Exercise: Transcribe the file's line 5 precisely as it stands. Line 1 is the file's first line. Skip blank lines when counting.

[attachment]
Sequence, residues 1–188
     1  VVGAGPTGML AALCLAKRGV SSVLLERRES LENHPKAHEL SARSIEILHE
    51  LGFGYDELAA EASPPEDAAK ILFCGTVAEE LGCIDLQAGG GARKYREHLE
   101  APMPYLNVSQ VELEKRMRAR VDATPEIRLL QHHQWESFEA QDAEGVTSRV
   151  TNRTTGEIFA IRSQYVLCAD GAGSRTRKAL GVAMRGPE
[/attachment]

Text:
   151  TNRTTGEIFA IRSQYVLCAD GAGSRTRKAL GVAMRGPE